Author & Blogger

Christine Brun Portrait

Christine Brun is an expert in lifestyle trends, how to live smaller, and interior design topics.

She shares this broad knowledge with you as well as articles about women's issues in her blogs.

'Tis the Season for More Light

'Tis the Season for More Light

When the weather begins to chill, we observe changing leaves and shorter days. The shift is delightful for the most part. However, in many parts of the country there is a very distinct reduction in the amount of natural light available, which has been known to have a powerful effect on some people. The official name for the condition is seasonal affective disorder, or SAD. It is a kind of depression related to the change in seasons, typically starting in the fall; the brain becomes confused when our circadian rhythms, or body clock, are off due to changes in sunlight. More women are diagnosed than men, but men tend to experience more severe symptoms. Young people and people who have blood relatives with SAD or another form of depression are more susceptible. What does this have to do with your home's interior and how you live?

It turns out that adding more artificial light or capturing the most natural light available through use of solar tubes and skylights can improve conditions. Recognized medical treatment for SAD generally includes light therapy along with medications and psychotherapy. Artificial-light therapy is intended to mimic natural daylight. If you are a renter, consider adding torchiere-style floor lamps that bounce strong light off the ceiling. This is only workable when a ceiling is less than about 9 feet high. Torchiere-type of floor lamps are very affordable and effective. Prices range from $20 to $3,000. Target has a model with a main shade and a task light for $20.89, and IKEA has numerous affordable choices. The point is that you can transport these easily into any dark corner of your apartment, house, condo or townhome and improve the light quality instantly.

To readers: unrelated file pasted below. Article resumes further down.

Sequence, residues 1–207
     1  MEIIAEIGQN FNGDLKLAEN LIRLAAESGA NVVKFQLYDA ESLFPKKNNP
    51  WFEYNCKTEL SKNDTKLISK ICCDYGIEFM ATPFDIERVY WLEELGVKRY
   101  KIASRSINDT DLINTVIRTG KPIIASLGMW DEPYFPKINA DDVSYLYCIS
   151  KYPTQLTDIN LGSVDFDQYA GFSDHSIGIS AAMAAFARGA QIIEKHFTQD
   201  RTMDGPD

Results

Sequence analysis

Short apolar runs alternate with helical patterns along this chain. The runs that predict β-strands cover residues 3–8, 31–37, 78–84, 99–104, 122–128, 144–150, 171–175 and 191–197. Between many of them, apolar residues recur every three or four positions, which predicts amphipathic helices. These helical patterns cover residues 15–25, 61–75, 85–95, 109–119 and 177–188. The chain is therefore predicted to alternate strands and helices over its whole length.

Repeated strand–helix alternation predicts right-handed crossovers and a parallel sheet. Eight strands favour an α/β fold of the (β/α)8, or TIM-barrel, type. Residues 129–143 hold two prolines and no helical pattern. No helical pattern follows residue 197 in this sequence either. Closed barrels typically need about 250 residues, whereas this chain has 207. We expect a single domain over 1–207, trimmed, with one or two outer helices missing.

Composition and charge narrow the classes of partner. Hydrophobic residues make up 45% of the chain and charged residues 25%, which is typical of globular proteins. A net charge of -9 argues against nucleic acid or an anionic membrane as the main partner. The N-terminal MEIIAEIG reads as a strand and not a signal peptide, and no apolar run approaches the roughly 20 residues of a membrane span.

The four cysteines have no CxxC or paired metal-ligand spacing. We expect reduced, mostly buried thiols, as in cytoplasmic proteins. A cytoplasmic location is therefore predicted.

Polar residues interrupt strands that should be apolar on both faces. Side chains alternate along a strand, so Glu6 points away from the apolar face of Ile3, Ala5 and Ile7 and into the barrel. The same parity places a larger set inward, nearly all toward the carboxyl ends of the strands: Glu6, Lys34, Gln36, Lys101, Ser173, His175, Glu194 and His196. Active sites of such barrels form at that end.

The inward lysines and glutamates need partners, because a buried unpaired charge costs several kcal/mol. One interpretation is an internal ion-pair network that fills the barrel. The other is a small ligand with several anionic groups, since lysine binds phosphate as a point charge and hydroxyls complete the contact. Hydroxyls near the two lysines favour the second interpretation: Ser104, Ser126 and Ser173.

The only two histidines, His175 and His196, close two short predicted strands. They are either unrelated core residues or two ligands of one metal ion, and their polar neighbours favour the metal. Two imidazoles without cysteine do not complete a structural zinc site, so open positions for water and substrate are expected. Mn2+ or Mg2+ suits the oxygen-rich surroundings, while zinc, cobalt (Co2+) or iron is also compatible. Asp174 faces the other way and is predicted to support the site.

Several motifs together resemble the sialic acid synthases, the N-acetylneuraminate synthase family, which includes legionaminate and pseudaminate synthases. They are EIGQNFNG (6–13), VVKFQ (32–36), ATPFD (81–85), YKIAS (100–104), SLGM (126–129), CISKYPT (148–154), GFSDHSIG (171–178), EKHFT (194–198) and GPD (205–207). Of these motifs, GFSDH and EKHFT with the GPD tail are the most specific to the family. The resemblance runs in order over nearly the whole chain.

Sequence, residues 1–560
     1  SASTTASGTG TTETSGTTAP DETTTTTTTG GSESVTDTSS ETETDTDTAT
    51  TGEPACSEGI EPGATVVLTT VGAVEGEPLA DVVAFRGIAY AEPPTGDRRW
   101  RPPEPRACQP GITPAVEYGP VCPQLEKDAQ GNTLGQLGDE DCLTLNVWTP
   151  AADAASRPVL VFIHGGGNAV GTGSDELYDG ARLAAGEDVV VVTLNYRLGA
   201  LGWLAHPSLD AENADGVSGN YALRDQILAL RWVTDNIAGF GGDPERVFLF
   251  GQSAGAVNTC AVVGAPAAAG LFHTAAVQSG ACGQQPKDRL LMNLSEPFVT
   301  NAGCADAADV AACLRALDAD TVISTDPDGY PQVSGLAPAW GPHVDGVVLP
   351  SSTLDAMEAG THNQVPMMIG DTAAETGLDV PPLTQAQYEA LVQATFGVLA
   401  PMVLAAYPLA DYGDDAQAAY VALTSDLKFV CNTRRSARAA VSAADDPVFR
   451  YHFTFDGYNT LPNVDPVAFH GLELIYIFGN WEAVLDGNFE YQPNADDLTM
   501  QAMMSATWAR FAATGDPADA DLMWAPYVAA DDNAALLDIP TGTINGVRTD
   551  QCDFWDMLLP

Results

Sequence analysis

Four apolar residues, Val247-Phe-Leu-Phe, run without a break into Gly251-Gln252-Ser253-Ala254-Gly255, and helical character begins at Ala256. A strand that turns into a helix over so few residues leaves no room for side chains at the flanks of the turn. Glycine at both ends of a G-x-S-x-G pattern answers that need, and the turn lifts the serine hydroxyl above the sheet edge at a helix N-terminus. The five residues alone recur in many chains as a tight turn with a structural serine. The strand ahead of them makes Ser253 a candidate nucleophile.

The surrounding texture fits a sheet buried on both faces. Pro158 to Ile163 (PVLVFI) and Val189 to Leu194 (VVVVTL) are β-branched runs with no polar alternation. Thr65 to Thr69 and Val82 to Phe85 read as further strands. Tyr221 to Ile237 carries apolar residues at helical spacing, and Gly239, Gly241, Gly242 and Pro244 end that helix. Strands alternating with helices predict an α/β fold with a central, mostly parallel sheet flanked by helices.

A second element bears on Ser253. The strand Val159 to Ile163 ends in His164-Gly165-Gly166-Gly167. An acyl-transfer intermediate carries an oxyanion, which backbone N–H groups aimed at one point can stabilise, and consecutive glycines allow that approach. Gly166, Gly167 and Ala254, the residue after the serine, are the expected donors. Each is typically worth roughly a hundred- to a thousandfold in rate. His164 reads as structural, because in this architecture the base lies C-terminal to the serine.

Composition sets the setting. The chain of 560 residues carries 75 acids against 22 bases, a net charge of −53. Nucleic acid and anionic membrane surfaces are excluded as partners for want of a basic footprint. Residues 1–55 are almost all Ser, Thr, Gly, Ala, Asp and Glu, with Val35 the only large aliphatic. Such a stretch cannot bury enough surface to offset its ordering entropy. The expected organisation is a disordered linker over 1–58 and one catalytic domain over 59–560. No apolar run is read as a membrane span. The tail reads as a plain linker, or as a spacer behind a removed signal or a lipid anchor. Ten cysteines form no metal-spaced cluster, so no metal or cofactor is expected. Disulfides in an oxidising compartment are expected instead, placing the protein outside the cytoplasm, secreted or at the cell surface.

If your ceilings are taller, you will need to use a different approach in order to properly distribute light: installing more ceiling-mounted light fixtures or recessed light fixtures. A recessed light involves cutting into the ceiling and installing the housing above the ceiling. The help of an electrician or a handy partner or friend may be needed to install a new electrical junction box, run wires and mount the light fixture. The more cost-effective solution is using extra table and floor lamps that direct the light cone downward toward the areas where tasks will be done. Put a little energy into finding a stylish light with some unique design qualities. Light fixtures can add sass and pizzazz to any space, as this modern fixture designed by Soren Ravn Christensen and Anders Klem demonstrates. A light can be a signature piece!

It should be no surprise that skylights were invented in the cold dark Scandinavian country of Denmark, which is trapped in gray for most of the year. Villum Kann Rasmussen sought a way to bring daylight into attic spaces and upper floors of old structures back in 1941. We commonly incorporate skylights into our homes here in the U.S. as a way to introduce light into a bathroom, closet or windowless room. They are also used to flood rooms like kitchens or family rooms with the maximum amount of light. There are manual and electric venting skylight windows.

A more economical alternative to the classic skylight is the solar tube. This is a metal tunnel or tube that passes from the ceiling through the roof. It essentially captures daylight on the roof and delivers it inside the home. On the roof, the tube is capped by a weatherproof plastic globe. The interior of the tube acts like a continuous mirror, channeling light along its entire length while preserving its intensity. The tube's end on the ceiling is a porthole-like diffuser.

Photo Credit: Vita Living

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